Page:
Work will resume this spring on the twinning of sections of Highways 6 and 39. The announcement was officially made by the provincial Minister of Highways and Infrastructure, Lori Carr, near the hamlet of Corinne.  

“The purpose of the twinning is to ensure safety in the area,” Carr said. “We’ve got a train track, we’ve got several intersections, heavy traffic, so this twinning project, which will be about seven kilometres right here in this area, will definitely alleviate some of those pressures when people are turning or coming onto the highway.” 

The work on the two highways started in recent years, with the completion of passing lanes along the highways from Regina to Estevan. The passing lanes were chosen as an alternative to twinning the entire stretch, which was the initial goal, but was ruled out due to the cost.  

Carr was referring to the section that will start north of Corinne on Highway 6 and will continue southeast of Corinne on Highway 39, including the stretch that is locally known as the Corinne Corner. In addition to the twinning work on that stretch, there will also be roughly 13 kilometres of highways in the same area that will be repaved.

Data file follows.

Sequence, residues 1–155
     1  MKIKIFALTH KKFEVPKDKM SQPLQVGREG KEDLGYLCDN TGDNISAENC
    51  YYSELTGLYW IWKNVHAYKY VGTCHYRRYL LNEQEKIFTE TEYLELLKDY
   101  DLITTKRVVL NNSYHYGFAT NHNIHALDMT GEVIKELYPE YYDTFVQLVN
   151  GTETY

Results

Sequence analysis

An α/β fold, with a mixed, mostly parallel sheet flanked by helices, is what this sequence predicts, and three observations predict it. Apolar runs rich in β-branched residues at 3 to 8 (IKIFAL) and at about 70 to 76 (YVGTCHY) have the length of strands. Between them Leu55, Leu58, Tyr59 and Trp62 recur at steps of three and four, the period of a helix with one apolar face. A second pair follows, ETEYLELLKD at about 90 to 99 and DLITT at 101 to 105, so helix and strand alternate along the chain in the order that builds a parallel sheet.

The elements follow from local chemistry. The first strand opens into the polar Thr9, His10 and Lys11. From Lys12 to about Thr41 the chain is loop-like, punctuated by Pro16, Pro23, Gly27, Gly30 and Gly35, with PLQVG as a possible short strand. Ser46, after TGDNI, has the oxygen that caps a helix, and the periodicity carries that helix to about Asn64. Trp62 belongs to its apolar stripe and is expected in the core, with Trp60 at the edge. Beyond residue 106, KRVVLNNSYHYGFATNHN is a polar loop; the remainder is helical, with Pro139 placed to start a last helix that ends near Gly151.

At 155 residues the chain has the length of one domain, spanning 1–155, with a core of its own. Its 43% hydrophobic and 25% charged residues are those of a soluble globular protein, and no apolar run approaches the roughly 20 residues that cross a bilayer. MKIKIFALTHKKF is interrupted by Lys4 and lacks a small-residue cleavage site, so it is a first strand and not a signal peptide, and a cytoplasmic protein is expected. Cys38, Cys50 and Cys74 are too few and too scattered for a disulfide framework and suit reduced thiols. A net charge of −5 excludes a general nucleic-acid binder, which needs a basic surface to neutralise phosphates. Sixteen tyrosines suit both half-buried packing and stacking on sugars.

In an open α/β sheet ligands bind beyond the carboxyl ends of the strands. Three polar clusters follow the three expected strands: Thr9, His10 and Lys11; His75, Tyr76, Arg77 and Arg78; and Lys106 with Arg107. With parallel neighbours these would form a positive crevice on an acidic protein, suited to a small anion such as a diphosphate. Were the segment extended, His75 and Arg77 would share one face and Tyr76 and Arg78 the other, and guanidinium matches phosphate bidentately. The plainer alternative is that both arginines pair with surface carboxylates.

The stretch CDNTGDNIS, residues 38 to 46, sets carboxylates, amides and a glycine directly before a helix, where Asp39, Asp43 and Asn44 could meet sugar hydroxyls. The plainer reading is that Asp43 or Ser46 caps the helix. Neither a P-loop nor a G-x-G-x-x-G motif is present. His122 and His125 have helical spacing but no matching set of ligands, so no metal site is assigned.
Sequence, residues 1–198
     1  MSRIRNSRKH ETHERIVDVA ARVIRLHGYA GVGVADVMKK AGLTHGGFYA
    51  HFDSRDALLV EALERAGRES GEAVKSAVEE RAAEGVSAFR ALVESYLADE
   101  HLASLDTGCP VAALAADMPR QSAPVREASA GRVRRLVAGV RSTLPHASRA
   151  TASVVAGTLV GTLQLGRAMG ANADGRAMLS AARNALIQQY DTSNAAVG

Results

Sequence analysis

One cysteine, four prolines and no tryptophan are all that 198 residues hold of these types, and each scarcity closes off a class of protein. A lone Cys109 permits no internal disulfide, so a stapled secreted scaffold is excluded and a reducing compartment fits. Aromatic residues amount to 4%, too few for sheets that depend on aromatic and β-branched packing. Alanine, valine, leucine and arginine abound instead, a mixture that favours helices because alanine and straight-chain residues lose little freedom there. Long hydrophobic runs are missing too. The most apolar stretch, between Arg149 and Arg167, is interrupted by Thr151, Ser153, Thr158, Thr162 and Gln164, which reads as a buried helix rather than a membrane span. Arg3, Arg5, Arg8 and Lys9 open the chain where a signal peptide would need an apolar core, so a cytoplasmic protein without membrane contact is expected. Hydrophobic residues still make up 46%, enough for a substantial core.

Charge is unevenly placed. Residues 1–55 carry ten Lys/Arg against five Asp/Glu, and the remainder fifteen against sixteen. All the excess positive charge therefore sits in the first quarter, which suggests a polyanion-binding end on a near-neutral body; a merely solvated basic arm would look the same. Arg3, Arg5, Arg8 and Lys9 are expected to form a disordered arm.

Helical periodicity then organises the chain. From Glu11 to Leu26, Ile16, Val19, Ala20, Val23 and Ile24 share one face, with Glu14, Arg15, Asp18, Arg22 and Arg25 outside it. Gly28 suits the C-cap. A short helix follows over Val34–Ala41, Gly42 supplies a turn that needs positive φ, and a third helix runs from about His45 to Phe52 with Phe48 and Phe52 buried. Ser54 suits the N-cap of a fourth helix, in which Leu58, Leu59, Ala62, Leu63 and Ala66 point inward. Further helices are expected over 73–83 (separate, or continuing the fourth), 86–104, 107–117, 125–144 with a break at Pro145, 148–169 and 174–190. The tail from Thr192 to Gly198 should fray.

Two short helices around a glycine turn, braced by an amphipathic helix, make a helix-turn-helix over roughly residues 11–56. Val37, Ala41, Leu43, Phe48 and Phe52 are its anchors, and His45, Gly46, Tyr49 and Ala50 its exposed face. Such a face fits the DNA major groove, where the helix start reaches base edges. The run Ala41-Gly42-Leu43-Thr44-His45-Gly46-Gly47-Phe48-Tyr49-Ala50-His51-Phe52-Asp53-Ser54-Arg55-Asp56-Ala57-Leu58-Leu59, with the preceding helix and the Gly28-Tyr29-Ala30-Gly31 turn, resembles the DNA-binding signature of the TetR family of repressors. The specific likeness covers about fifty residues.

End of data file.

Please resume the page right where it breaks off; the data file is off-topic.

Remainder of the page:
The total cost of the project is an estimated $57 million. Just under half of that amount, $27 million, will be provided by the federal government through the National Corridor Fund. The remaining $30 million is being covered by the provincial government.  

Carr emphasized safety as being behind the decision, noting over 3400 vehicles pass over the stretch of highway every day. 

“People are turning all the time, whether that be left or right, people are going straight, and just the nature of the traffic can be very dangerous with the big trucks that go through, so the safety that will happen with the twinning, and having the lane in between the two roadways for people to be able to stop and cross when safe, will be great,” Carr stated.  

The minister also reminded motorists to slow to 60 when going through the construction zone.  

The project is expected to be completed this year, with crews getting started early next month.